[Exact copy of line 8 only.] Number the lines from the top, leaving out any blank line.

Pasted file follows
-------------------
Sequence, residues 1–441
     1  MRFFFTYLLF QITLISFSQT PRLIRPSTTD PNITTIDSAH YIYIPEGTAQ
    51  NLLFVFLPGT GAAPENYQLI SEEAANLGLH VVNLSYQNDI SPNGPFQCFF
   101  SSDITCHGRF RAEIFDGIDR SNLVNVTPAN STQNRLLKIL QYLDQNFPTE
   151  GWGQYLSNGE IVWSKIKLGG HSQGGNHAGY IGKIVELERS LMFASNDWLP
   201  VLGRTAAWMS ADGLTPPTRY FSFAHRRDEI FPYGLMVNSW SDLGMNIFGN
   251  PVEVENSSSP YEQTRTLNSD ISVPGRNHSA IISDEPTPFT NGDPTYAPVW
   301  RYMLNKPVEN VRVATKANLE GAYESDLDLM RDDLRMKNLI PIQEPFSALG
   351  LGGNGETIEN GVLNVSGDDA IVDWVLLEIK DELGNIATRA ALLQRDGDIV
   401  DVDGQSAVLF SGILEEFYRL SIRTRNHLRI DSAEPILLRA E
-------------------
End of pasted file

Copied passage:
   301  RYMLNKPVEN VRVATKANLE GAYESDLDLM RDDLRMKNLI PIQEPFSALG